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Institute Supports SEC Corporate Disclosure Proposals
Washington, DC, December 13, 2002 - The Institute supports two recent SEC rulemaking initiatives that address public companies’ disclosure in information delivered to shareholders. The first proposal would require disclosure of an issuer’s off-balance sheet transactions, arrangements, obligations, and other relationships in the Management’s Discussion and Analysis (MD&A) section of quarterly and annual reports. The second proposal would require critical accounting policies disclosure in corporate issuers’ quarterly and annual reports.
In a recent comment letter, the Institute—which has strongly supported legislative and regulatory efforts to improve corporate governance—states its belief that the two recent proposals will enhance investors’ abilities to understand how issuers finance their operations, comprehend the risks that are not always apparent in financial statements, and compare an issuer’s financial information with other reporting periods and with other companies.
Off-Balance Sheet Proposal
The Institute supports the SEC’s off-balance sheet proposal, but noted that the proposed “more than remote” standard for disclosing off-balance sheet arrangements may result in extensive disclosure that could overwhelm readers. The Institute thus reiterated its earlier recommendation that the SEC require issuers to include an MD&A summary section in their quarterly and annual filings, which would require management to identify the principal factors driving financial results, the principal trends on which it focuses, and the principal risks to the business.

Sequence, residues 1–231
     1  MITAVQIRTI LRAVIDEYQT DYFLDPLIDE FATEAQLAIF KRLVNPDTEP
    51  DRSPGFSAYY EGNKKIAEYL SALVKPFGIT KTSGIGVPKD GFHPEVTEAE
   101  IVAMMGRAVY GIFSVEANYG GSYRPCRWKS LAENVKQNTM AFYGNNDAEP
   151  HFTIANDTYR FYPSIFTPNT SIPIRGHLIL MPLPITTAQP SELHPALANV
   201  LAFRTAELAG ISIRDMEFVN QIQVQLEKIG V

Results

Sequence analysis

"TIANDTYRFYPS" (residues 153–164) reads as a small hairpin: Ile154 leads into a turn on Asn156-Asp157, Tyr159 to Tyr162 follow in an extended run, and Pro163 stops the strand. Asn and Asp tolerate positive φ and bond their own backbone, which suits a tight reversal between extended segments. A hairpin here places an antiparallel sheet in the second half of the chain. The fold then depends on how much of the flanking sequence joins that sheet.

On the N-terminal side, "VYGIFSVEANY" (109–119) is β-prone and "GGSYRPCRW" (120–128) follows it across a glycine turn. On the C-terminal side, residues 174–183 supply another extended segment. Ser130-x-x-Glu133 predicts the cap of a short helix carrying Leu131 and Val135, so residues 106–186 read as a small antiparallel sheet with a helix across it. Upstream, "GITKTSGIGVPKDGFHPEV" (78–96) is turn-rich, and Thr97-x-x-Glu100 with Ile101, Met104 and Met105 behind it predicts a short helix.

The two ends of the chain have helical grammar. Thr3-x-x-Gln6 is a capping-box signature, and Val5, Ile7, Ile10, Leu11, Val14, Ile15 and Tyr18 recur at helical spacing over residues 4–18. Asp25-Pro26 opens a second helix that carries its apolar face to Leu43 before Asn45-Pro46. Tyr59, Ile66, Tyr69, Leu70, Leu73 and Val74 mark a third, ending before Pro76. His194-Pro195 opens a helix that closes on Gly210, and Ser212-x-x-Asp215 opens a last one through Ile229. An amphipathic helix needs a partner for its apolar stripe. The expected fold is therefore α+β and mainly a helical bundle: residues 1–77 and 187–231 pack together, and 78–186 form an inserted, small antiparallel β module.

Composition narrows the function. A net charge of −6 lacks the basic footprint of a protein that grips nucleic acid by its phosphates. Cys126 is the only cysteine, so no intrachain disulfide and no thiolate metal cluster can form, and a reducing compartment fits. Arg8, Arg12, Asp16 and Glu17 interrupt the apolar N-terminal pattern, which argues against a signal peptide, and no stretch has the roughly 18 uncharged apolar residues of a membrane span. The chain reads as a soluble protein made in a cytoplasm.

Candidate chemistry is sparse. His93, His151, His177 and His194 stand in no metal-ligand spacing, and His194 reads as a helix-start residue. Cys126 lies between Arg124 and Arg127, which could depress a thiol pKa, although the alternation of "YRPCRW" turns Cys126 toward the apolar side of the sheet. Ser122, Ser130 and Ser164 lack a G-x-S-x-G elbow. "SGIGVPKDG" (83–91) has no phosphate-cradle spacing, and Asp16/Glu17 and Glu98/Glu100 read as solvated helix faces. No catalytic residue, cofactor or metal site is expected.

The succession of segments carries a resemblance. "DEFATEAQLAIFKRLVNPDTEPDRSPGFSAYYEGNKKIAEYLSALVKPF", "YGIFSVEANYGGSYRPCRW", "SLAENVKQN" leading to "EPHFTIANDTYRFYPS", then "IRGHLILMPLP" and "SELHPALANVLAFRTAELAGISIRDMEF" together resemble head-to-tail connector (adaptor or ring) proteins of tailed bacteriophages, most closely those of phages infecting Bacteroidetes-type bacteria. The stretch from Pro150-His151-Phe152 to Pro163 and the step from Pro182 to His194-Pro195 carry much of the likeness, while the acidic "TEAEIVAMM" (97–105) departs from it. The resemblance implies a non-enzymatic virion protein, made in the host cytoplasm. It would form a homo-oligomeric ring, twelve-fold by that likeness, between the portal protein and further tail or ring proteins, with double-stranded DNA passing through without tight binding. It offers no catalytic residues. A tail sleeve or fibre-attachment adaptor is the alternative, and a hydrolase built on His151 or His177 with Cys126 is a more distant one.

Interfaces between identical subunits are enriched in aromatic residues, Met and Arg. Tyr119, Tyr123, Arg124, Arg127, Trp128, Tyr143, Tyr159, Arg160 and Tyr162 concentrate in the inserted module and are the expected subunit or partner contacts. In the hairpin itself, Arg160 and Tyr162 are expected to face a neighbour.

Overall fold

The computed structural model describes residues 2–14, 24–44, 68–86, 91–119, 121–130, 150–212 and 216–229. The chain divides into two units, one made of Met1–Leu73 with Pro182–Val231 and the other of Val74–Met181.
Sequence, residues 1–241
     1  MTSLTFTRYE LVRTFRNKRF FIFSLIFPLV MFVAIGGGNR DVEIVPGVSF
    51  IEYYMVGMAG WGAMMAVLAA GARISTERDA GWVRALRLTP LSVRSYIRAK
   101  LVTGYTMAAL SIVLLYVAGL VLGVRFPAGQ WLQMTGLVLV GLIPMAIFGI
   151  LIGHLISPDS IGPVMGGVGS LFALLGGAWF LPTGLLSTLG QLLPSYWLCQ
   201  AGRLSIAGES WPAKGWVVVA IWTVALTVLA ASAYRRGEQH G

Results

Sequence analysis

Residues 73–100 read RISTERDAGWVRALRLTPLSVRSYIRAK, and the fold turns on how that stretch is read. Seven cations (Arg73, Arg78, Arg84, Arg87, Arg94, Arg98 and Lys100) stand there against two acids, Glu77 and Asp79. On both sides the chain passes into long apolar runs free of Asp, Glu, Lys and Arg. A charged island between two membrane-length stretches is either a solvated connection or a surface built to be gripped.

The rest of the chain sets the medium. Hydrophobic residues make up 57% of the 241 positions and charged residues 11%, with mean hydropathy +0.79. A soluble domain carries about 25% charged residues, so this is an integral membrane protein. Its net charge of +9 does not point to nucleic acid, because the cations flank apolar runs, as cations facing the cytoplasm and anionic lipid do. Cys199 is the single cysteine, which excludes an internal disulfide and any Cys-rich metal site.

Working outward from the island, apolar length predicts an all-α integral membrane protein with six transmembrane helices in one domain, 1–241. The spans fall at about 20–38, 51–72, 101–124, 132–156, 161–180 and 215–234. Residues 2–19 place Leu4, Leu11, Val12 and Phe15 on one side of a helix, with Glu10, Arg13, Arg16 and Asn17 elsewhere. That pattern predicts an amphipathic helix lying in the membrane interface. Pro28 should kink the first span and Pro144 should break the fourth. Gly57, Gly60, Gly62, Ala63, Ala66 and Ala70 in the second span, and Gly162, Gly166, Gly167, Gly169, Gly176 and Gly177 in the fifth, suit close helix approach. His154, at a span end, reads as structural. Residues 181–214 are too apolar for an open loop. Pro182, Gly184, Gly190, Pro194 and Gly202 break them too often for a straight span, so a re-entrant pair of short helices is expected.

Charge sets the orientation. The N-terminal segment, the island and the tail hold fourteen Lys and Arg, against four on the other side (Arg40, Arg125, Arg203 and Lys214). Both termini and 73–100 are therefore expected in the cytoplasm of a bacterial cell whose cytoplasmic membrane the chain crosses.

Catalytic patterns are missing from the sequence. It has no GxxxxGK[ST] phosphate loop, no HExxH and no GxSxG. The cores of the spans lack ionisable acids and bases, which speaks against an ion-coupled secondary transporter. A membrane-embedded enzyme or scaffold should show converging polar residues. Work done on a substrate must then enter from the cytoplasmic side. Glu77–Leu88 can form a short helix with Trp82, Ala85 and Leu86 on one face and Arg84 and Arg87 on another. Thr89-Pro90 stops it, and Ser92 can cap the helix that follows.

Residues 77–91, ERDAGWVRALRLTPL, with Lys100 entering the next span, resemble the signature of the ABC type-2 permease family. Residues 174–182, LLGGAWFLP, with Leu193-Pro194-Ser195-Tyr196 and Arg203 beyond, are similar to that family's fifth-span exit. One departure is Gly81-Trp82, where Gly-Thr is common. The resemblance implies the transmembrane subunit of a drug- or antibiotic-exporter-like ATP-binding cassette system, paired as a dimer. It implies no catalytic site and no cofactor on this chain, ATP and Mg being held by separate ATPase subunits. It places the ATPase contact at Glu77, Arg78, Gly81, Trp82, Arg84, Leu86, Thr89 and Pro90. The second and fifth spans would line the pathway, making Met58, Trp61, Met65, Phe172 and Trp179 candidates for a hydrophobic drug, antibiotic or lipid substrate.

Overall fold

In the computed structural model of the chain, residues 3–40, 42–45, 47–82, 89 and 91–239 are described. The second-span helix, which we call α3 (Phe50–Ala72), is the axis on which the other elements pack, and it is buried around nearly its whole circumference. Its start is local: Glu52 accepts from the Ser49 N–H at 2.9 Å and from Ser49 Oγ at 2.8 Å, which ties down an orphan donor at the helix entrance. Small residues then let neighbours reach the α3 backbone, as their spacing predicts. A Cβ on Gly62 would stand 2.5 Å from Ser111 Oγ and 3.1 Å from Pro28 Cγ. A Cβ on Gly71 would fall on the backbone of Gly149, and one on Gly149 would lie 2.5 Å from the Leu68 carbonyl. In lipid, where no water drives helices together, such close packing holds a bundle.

Use of Non-GAAP Financial Measures
The Institute also supports the SEC’s pro forma proposal, which would:
- require issuers that publicly disclose pro forma financial information to include comparable financial information calculated and presented in accordance with GAAP, and provide a reconciliation of the differences between the GAAP and non-GAAP financial information;
- require issuers that use pro forma financial information in filings with the SEC to include comparable GAAP information, a quantitative reconciliation of the difference between the GAAP and non-GAAP financial information, a statement discussing the purposes for which the pro forma financial information is being presented, and the reasons why management deems such presentation useful to investors; and
- require issuers to file a Form 8-K within two business days of any public announcement or release disclosing material non-public information regarding a registrant’s results of operations or financial condition for a completed annual or quarterly fiscal period.
The SEC’s proposal is consistent with recommendations made by the Institute in a May comment letter in which it urged the SEC to require reporting companies that release earnings announcements to file such information with the SEC on Form 8-K, and if such announcements include pro forma or non-standardized earnings information, the SEC should require the Form 8-K to contain a reconciliation to GAAP-basis earnings. The Institute notes that by imposing a reconciliation requirement, the SEC’s proposal would improve the quality and transparency of issuer disclosures.